Adventures Of Huck Finn
In Mark Twain\'s novel, The Adventures of Huckleberry Finn, Twain develops the
plot into Huck and Jim\'s adventures allowing him to weave in his criticism of
society. The two main characters, Huck and Jim, both run from social injustice
and both are distrustful of the civilization around them. Huck is considered an
uneducated backwards boy, constantly under pressure to conform to the
"humanized" surroundings of society. Jim a slave, is not even
considered as a real person, but as property. As they run from civilization and
are on the river, they ponder the social injustices forced upon them when they
are on land. These social injustices are even more evident when Huck and Jim
have to make landfall, and this provides Twain with the chance to satirize the
socially correct injustices that Huck and Jim encounter on land. The satire that

Twain uses to expose the hypocrisy, racism, greed and injustice of society
develops along with the adventures that Huck and Jim have. The ugly reflection
of society we see should make us question the world we live in, and only the
journey down the river provides us with that chance. Throughout the book we see
the hypocrisy of society. The first character we come across with that trait is

Miss Watson. Miss Watson constantly corrects Huck for his unacceptable behavior,
but Huck doesn\'t understand why, "That is just the way with some people.

They get down on a thing when they don\'t know nothing about it" (2). Later
when Miss Watson tries to teach Huck about Heaven, he decides against trying to
go there, "...she was going to live so as to go the good place. Well, I
couldn\'t see no advantage in going where she was going, so I made up my mind I
wouldn\'t try for it." (3) The comments made by Huck clearly show Miss

Watson as a hypocrite, scolding Huck for wanting to smoke and then using snuff
herself and firmly believing that she would be in heaven. When Huck encounters
the Grangerfords and Shepardsons, Huck describes Colonel Grangerford as,
"...a gentleman, you see. He was a gentleman all over; and so was his
family. He was well born, as the saying is, and that\'s worth as much in a man as
it is in a horse..." (104). You can almost hear the sarcasm from Twain in

Huck\'s description of Colonel Grangerford. Later Huck is becoming aware of the
hypocrisy of the family and its feud with the Shepardsons when Huck attends
church. He is amazed that while the minister preaches about brotherly love both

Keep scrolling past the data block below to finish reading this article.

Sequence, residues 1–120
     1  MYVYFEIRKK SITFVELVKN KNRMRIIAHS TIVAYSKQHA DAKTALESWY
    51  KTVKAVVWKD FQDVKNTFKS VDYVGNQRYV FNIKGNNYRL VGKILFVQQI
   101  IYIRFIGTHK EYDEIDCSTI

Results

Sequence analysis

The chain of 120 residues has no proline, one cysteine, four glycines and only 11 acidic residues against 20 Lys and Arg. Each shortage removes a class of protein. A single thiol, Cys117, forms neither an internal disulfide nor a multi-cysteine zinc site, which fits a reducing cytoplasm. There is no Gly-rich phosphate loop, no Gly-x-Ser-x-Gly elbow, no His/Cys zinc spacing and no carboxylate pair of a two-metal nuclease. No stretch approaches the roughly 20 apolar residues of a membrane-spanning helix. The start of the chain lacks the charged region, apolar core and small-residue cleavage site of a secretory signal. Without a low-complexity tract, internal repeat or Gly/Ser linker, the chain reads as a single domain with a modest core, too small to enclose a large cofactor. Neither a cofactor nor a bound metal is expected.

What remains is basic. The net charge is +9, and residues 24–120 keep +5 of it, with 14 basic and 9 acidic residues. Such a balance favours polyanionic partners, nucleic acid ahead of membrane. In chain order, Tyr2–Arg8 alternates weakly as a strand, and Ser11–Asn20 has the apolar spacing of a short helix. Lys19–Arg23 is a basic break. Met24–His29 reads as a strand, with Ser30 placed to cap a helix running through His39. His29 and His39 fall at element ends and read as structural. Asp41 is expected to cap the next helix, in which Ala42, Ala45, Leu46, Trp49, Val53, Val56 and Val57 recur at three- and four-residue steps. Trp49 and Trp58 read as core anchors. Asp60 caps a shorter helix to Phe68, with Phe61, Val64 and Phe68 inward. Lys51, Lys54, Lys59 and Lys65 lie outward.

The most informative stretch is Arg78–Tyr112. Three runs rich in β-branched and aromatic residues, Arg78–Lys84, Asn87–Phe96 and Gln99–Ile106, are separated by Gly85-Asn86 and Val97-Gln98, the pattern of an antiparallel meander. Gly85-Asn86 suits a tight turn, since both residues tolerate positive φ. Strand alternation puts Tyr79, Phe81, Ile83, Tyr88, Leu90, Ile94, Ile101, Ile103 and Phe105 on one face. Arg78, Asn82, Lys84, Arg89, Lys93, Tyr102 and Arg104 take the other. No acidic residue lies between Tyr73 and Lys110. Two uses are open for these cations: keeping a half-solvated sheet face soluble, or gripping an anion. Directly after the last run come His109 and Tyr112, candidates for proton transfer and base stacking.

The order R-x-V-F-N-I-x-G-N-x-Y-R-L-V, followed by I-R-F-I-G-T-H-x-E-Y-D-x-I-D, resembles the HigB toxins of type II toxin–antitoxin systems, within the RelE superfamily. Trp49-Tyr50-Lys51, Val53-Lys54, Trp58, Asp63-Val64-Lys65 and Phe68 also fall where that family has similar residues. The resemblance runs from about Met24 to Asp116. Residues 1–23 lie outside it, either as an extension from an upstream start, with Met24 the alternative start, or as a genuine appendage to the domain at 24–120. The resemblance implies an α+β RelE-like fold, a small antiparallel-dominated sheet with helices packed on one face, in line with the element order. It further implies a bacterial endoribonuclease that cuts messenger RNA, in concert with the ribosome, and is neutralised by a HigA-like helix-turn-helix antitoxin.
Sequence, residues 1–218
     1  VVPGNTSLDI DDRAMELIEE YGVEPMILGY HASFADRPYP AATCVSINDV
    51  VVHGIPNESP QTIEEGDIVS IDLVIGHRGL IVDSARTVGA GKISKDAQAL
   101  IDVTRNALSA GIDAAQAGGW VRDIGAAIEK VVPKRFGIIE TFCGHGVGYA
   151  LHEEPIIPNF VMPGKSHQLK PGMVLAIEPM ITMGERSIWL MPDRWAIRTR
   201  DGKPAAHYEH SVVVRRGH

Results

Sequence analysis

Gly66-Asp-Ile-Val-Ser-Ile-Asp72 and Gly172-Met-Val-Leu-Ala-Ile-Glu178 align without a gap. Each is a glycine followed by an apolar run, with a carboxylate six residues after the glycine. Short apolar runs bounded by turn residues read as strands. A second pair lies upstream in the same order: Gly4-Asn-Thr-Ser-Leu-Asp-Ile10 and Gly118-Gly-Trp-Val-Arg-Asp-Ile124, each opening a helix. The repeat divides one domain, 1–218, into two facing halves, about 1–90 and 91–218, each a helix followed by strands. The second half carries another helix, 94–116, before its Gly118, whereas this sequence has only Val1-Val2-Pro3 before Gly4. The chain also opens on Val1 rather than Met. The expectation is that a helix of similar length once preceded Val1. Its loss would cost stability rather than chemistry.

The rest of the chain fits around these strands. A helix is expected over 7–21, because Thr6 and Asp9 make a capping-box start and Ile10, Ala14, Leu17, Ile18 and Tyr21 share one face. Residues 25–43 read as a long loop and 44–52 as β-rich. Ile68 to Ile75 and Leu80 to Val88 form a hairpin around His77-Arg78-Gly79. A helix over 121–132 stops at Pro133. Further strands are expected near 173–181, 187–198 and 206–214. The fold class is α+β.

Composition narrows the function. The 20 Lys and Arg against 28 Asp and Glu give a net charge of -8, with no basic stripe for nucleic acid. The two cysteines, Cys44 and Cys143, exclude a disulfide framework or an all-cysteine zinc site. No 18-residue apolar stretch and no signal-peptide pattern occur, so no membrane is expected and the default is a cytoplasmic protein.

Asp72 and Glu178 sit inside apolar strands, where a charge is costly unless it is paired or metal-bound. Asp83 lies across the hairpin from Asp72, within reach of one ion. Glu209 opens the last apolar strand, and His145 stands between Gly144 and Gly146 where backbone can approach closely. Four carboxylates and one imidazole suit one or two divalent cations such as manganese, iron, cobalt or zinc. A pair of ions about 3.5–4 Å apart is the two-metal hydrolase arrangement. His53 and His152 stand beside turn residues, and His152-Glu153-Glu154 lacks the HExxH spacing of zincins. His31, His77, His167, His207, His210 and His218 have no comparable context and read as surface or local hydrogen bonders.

the Grangerfords and Shepardsons are carrying weapons. Finally when the feud
erupts into a gunfight, Huck sits in a tree, disgusted by the waste and cruelty
of the feud, "It made me so sick I most fell out of the tree...I wished I
hadn\'t ever come ashore that night to see such things." Nowhere else is

Twain\'s voice heard more clearly than as a mob gathers at the house of Colonel

Sherburn to lynch him. Here we hear the full force of Twain\'s thoughts on the
hypocrisy an cowardice of society, "The idea of you lynching anybody! It\'s
amusing. The idea of you thinking you had pluck enough to lynch a man!...The
pitifulest thing out is a mob; that\'s what an army is- a mob; they don\'t fight
with courage that\'s born in them, but with courage that\'s borrowed from their
mass, and from their officers. But a mob without any man at the head of it is
beneath pitifulness" (146-147). Each of these examples finds Huck again
running to freedom of the river. The river never cares how saintly you are, how
rich you are, or what society thinks you are. The river allows Huck the one
thing that Huck wants to be, and that is Huck. The river is freedom than the
land is oppression, and that oppression is no more evident than it is to Jim. It
is somewhat surprising that Huck\'s traveling companion is Jim. As anti-society
that Huck is, you would think that he would have no qualms about helping Jim.

But Huck has to have feelings that slavery is correct so we can see the
ignorance of racial bigotry. Huck and Jim\'s journey begins as Huck fights within
himself about turning Jim over to the authorities. Finally he decides not to
turn Jim in. This is a monumental decision for Huck to make, even though he
makes it on the spot. This is not just a boy running away from home. It is
someone who has decided to turn